Million Dollar Quartet Musical Engages With CHAUVET DJ

August 2017

MANCHESTER, NH – The value of one million dollars in 1956 is equivalent to over 899 million today. However, even that lofty figure doesn’t come close to doing justice to the success of the four superstars who are the subject of Million Dollar Quartet. The Tony Award nominated musical takes audiences back to December 4, 1956, a day when budding stars Jerry Lee Lewis, Carl Perkins, Johnny Cash and Elvis Presley got together for a jam session at Sun Records Memphis studio. A recent revival of the musical at the Palace Theatre in Manchester, New Hampshire captures the magic of that long ago moment, thanks in part to a transformative lightshow designed by Carl Rajotte, who also served as artistic director and choreographer.

Using a collection of CHAUVET DJ and CHAUVET Professional fixtures supplied by Events United, Rajotte created big, engaging looks that took audiences out of the small recording studio where the play is set (and the actual jam session took place), and transported them to the big-time concert stage. In so doing, his design not only engages the audience on a deeper emotional level, it also underscores the significance of an almost overlooked jam session that brought together four young musicians who would go on to achieve global fame.

Million Dollar Quartet takes place in a studio, which calls for a design that’s pretty basic,” he said. “We do that, but we also go beyond that to give the audience a glance into the future of these four huge icons — and their many important live stage performances yet to come.”

Rajotte achieves this effect by punctuating the shows musical numbers with bold concert looks. Key to creating these looks were the 12 Rogue R2 Spot moving fixtures in his rig. He put five of the Rogues on the fourth electric and two on the third electric for back light specials. For down light specials, he positioned three Rogues on the second electric. The remaining two Rogue units were positioned on 8’ booms in lane one on either side of the stage to deliver some intense concert-style side light.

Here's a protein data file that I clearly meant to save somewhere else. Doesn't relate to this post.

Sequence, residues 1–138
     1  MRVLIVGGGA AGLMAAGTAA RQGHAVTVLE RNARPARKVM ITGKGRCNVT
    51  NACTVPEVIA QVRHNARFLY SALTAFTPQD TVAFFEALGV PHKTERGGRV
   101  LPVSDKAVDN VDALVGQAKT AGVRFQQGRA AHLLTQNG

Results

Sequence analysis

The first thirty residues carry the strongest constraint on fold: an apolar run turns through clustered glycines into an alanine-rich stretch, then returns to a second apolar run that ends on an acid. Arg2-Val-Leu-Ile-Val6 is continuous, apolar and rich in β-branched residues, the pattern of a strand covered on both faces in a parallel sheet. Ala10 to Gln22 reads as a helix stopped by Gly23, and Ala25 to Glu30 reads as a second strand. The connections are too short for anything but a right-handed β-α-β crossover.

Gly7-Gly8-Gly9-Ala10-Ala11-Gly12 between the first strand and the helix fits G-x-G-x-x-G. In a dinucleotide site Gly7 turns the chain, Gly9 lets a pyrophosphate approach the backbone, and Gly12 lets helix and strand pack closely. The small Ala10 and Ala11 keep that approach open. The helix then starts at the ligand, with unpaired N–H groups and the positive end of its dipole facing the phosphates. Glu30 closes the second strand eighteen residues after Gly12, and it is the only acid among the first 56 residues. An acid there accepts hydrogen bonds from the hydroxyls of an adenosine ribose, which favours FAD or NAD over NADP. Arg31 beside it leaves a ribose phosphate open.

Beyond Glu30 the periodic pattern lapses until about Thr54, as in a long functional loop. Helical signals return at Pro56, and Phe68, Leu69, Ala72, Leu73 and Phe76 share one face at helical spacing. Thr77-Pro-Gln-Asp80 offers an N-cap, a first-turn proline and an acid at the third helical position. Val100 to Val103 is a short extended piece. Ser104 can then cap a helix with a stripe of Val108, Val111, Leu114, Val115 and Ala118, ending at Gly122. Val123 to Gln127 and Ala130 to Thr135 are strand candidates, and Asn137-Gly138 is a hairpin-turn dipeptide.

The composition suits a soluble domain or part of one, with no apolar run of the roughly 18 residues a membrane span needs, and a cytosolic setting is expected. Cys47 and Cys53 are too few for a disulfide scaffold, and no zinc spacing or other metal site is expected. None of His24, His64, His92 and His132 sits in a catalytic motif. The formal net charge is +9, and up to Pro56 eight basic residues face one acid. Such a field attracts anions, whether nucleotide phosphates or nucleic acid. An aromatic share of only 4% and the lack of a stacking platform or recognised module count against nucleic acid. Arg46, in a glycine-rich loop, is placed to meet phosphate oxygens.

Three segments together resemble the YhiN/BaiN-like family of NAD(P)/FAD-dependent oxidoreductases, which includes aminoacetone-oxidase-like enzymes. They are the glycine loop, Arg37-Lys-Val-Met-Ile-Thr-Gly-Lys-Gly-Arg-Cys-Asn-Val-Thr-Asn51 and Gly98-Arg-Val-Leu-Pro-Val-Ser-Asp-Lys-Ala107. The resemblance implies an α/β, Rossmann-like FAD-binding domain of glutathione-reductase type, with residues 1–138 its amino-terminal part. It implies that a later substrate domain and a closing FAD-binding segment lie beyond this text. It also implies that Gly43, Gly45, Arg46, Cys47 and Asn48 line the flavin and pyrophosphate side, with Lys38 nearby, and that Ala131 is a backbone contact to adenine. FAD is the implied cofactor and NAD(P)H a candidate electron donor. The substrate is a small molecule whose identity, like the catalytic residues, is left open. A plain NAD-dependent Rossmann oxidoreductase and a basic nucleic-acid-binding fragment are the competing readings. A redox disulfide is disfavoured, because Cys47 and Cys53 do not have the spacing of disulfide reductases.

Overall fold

“After one of the artists on stage begins a song, we pump up the lighting to convey this sense of excitement,” said Rajotte. “We used the Rogues to create a wide range of looks, programming over 1,000 cues into the lighting board in two days. The Rogues were definitely a huge help to us when we did this. They are easy to use; and they don’t require a lot of preprograming of focus and color palettes. So I never feel limited because of time restraints in designing the show. It was also very nice that the Rogues had the intensity to blast through our down pars.”

Rajotte also used two Intimidator Spot LED 250 moving lights from CHAUVET DJ in his design. Positioning these fixtures on 6’ floor booms in front of the proscenium, he relied on them for side washing and audience lighting.

To add color to the stage and accentuate the intimacy of a small, crowded southern recording studio of the 1950s, Rajotte relied on a combination of CHAUVET Professional and CHAUVET DJ fixtures. He positioned COLORado 1 Solos on the fourth electric for a full stage back wash and created a special “1A” electric to hold six COLORado fixtures for down washing. An additional two COLORados were on booms for side lighting. A collection of SlimPAR 38 LEDs were used to illuminate the walls of the “studio” as well as the drum kit and stage apron.

“The Chauvet lighting instruments worked extremely well, both in the air to give us concert looks and in lighting the set in an engaging fashion,” said Rajotte. “The set that we rented from the national tour of the show is very dark in color, so I was worried about the lights being saturated enough to actually make a difference — but I’m happy to say it definitely worked out well.”

Echoing this enthusiasm is Morgan Cerovski, the Palace Theatre’s technical director. “Carl’s lighting design established a difference from being inside the studio and being at a rock and roll concert,” he said. “A lot of the numbers started out in the recording studio setting, but as the song progressed, it was as if the audience was at a rock concert. This transition really swept everyone up in the spirit of this musical.”